Are Edison Bulbs Bright Enough?
Antique lights, or Edison Bulbs, have recently become incredibly popular. You can find these cool looking bulbs everywhere, from your favorite restaurant to DIY steampunk lamps and costumes. However, in the midst of this new found lighting love, some are becoming disappointed by the amount of brightness emitted from these beautiful bulbs. Before you decide to invest in a few Edison bulbs, you may want to get a better understanding of what you’re getting for your wattage. Today’s standard incandescent light bulbs have a pear shape, an average wattage between 40 and 150 watts, and typically last around 1000 hours. Though standard incandescents are being phased out by more energy-efficient lighting such as LEDs, antique lighting is gaining popularity due to its creative vintage style. However, many people don’t realize that when they choose to use incandescent Edison bulbs in place of regular incandescent bulbs, they are losing some valuable luminosity—the brightness of Edison bulbs is actually lower than standard A19 incandescent lights.
Antique Light Bulbs
Most people don’t realize that watts are not the same as lumens, aka brightness. Antique lighting does not have the same level of brightness, or the same lumens per watt ratio, as standard incandescent lighting. Antique lighting is also typically lower in color temperature than today’s incandescents, meaning they are less than 2700 Kelvin, the standard for incandescent lamps. Vintage bulbs range between 1800-2400 Kelvin, producing a more orange light as opposed to the soft yellow glow emitted by incandescents. This is further exacerbated by the amber tint characteristically given to the glass of an antique bulb. You can think of the light from an antique bulb as being similar to the color of a flame, or sunrise/sunset.
So, when purchasing antique bulbs for your home, be aware that a 60-watt antique bulb will emit closer to 400 lumens, whereas a 60-watt standard A19 incandescent bulb will emit closer to 800 lumens. But remember, these bulbs are for accent lighting, not task lights or to replace overhead lights. Before installing an antique light with a higher wattage, check your fixture’s wattage rating to make sure it can handle the additional watts.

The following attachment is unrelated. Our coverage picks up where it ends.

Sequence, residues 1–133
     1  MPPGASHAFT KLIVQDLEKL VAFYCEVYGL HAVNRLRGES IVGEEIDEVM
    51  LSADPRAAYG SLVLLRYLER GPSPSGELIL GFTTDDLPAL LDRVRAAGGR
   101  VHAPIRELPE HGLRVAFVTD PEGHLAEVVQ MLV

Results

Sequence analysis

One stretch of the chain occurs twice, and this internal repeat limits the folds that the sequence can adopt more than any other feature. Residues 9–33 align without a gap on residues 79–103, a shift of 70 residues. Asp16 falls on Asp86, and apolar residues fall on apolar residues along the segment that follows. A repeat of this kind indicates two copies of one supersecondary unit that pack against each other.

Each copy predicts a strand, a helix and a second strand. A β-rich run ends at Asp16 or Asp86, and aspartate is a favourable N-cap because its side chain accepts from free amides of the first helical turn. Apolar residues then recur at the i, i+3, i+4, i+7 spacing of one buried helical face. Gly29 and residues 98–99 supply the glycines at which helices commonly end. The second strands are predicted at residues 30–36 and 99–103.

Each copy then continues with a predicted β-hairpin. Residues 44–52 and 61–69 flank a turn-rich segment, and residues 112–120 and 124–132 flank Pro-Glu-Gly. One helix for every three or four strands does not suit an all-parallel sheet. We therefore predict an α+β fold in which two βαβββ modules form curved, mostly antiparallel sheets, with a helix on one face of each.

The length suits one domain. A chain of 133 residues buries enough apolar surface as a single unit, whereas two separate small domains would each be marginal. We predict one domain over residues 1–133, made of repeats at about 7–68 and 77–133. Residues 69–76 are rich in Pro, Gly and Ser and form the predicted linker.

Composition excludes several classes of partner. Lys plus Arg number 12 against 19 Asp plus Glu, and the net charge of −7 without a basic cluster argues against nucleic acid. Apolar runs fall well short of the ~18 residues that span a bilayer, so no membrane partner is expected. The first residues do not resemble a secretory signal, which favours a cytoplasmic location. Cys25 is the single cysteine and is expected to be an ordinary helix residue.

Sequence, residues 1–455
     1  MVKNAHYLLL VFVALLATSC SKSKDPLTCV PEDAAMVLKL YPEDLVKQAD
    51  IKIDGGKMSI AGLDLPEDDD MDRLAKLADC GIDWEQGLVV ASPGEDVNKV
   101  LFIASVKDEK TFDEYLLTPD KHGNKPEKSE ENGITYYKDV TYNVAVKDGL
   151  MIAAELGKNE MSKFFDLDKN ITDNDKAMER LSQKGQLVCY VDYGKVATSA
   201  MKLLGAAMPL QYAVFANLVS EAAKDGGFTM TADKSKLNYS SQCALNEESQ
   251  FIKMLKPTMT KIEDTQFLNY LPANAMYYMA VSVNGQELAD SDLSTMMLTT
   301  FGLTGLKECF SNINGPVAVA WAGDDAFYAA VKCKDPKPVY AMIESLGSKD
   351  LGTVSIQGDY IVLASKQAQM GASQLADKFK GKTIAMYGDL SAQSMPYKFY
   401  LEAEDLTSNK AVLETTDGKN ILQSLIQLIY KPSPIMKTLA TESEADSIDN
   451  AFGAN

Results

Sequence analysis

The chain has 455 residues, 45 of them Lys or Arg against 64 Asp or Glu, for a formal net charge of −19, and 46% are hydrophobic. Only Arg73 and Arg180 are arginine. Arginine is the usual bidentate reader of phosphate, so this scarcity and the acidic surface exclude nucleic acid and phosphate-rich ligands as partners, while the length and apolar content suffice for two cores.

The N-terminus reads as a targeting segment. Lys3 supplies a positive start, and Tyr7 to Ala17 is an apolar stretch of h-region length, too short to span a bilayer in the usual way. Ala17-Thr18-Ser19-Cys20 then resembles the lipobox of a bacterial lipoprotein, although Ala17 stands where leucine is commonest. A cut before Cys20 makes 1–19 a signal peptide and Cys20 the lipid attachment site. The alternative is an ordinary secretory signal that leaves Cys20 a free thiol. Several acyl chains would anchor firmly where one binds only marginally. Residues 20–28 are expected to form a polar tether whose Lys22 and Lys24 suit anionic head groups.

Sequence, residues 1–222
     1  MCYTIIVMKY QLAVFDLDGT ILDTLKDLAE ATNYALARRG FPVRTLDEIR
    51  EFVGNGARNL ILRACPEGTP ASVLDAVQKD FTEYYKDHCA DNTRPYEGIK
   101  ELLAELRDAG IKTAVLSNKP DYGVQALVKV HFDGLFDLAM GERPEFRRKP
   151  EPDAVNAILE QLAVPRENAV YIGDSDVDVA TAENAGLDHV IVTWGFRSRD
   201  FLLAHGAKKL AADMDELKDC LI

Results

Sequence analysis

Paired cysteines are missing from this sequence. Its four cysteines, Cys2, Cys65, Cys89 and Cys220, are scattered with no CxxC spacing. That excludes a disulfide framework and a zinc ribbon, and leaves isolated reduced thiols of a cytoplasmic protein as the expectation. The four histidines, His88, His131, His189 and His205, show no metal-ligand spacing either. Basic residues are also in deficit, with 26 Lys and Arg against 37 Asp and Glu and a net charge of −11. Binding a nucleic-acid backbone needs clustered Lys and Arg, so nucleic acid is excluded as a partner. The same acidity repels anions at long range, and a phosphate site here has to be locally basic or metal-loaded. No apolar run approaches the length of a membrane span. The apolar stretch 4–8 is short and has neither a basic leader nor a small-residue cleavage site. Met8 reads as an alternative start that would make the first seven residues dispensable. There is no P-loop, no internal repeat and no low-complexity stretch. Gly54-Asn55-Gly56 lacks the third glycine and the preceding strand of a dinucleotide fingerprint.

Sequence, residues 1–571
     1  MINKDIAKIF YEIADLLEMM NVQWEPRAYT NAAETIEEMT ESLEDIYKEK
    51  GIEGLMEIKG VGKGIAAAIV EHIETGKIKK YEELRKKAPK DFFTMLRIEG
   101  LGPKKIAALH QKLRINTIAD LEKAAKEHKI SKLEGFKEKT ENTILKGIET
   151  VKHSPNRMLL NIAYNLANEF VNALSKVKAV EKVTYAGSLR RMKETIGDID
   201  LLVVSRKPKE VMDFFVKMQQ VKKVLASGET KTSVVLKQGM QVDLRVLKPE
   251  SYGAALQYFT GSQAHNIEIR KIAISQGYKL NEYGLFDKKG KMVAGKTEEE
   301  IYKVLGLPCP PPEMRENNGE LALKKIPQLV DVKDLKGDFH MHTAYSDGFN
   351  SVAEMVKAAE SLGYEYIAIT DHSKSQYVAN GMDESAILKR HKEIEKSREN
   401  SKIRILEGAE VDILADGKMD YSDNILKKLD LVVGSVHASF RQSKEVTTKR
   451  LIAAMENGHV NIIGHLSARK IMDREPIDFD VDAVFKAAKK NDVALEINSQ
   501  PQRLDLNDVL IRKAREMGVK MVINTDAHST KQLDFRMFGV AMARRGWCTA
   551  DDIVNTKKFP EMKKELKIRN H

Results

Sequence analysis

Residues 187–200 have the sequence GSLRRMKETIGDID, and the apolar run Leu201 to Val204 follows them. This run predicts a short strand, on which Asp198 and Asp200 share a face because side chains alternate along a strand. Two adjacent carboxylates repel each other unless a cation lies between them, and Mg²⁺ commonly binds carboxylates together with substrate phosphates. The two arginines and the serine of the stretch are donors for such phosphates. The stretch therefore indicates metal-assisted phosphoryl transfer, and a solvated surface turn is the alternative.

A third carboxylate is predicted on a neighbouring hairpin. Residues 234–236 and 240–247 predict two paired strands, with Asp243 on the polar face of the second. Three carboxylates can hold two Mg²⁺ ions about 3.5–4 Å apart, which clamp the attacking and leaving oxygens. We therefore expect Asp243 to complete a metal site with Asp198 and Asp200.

LED Filament Bulbs
What if you really enjoy the look of these bulbs but want longer-lasting lights? Consider trying LED filament bulbs. LED filament bulbs use traditional-aesthetic components of vintage and standard incandescent lighting, such as shape and traditional glass shielded circuits. However, the LED emitters within the bulbs last for a longer period of time than the fragile incandescent filaments. With these lights you still get the vintage look of Edison light bulbs, but instead of only having about 1000 lumen-hours, LED filament bulbs have approximately 15,000 life hours. However, this is much shorter than the average lumen life of regular LED bulbs which typically last around 50,000 hours on average. This has to do with the type of LEDs being used in the filament bulbs along with fragileness and the possibility of overheating.
While LED filament bulbs contain a lower wattage, you should still check the lumens. With LED filament bulbs you get the same color temperature, so the effect is identical to traditional lamps–however, you won’t have to worry about a fragile filament or high energy cost. This warmer light in vintage inspired glass creates a softer glow, similar to that emitted by standard incandescents.
Whether you decide to invest in LED or incandescent antique-style lighting it is important to weigh your options. With LED filament bulbs you will get more lumen life and a warmer color temperature, whereas with incandescent antique lights you may have a few more bulb style options, but a shorter lifespan. What have your experiences been with antique light bulbs? You can also see what other people are saying about these bulbs by checking out the fantastic reviews. Don't forget to leave us a comment below, or as usual pop over and talk to us on Facebook, Twitter, Google Plus, LinkedIn, Pinterest, or Instagram.